ALCF’s Kumaran receives the 2018 SPEC Presidential Award

Kalyan Kumaran

A turn for the best

Call it fate, call it destiny, call it happenstance. Sometimes a career takes an unexpected turn that benefits a large group of people, including the individual for whom it occurs. In the case of Kalyan Kumaran, the aerospace industry's loss is the high-performance computing community's gain. Kumaran is a senior computer scientist at the Argonne Leadership Computing Facility, a U.S. Department of Energy Office of Science User Facility.

Kumar, as he is known, is the 2018 recipient of SPEC's highest honor, the Presidential Award. He received the award for his contributions to SPEC as chair of the High-Performance Group (SPEC/HPG) for more than 15 years. He also served on the SPEC CPU committee and was elected to the SPEC Board of Directors.

Coming out of Iowa State University with a PhD in engineering, Kumar thought he was destined for a job in computational fluid dynamics (CFD) for NASA’s Ames Research Center. But in reaction to a market shift, he transitioned to computer science and ended up at SGI. It has proven to be a fortunate development for SPEC.

Early contributions to CPU and HPG

In the mid-90s Kumar became SGI's representative to the SPEC CPU committee, submitting SGI's results for SPEC CPU2000 and developing more than a dozen floating point benchmarks for the SPEC CPU2006 suite.

He began working with SPEC/HPG during the latter stages of development for SPEC HPC2002 and was elected chair in 2002. With few members in the early days, SPEC/HPG would piggyback on the meetings of the Fortran standards committee, taking over a meeting room on Sunday after everybody else had left for home.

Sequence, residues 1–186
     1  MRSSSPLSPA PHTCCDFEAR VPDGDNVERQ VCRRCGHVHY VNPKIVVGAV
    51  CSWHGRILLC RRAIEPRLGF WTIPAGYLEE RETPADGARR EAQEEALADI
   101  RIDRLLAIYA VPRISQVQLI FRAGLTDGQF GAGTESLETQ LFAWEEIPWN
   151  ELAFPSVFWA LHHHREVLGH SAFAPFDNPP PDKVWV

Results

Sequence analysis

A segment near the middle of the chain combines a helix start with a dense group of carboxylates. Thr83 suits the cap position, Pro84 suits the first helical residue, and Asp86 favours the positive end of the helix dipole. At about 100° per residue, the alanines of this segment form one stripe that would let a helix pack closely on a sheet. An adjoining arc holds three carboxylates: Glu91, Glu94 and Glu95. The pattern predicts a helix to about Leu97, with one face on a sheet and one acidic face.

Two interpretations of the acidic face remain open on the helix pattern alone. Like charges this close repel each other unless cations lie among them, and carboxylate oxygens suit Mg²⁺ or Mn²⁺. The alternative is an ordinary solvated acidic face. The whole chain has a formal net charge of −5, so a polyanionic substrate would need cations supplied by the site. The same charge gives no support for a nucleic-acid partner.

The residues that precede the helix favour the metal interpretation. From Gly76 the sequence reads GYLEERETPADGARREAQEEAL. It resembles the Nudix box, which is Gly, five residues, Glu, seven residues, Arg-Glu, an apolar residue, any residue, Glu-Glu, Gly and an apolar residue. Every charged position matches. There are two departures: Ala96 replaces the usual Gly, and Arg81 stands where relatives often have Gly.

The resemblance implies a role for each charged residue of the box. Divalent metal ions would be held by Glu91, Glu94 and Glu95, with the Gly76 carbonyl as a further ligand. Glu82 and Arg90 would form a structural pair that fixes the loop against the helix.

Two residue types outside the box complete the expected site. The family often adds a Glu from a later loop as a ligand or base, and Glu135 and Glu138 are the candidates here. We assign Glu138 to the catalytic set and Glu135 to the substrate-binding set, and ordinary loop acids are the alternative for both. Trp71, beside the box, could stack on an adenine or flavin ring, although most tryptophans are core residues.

"We'd be given the meeting room free of cost, bring our own projector, and work on code, connecting to the hotel's router. If one person was using a VPN connection, the rest of us would have to wait for our turn."

A SPECtacular leader

During his time as HPG chair, Kumar expanded participation in the benchmark development process by bringing universities and major research labs into the fold, creating a dynamic team of academics, researchers, and vendor engineers from around the world.

All three current HPG benchmarks for modern HPC systems -- SPEC MPI2007, SPEC OMP2012 and SPEC ACCEL -- were developed under Kumar's leadership. He also spearheaded efforts to make power measurement part of all current SPEC/HPG benchmarks. For these contributions, he received four SPECtacular Awards.

In all of his many roles, Kumar could be relied upon to build consensus and lead by example. He could also be counted on for pointed suggestions and pithy comments that brought much-needed humor to potentially tense situations.

Calling for increased participation

Kumar applauds the decision by SPEC/HPG to make its benchmarks free of charge to qualified non-commercial organizations. He sees it as a key step to expanding the use of high-quality benchmarks in research and increasing participation in the development process.

"SPEC needs to have more people actively involved and contributing in order to generate new ideas and continually evolve its benchmarks and tools."

The value of support and friendship

Like all those working with SPEC, Kumar realizes the support of his employers over the years -- SGI, VMware and Argonne National Laboratory -- made it possible for him to volunteer so much time to SPEC.

"All of us in SPEC know that this isn't possible without our employers’ support to develop these benchmarks, bring them to the community, and continually improve them.”

While proud of HPG's technical achievements, some of Kumar's best memories are the people he worked beside in countless benchathons and planning meetings.

"Many of us were competitors, but we were a closely knit group dedicated to the common cause of making new benchmarks that were relevant and sustainable. We will be friends forever."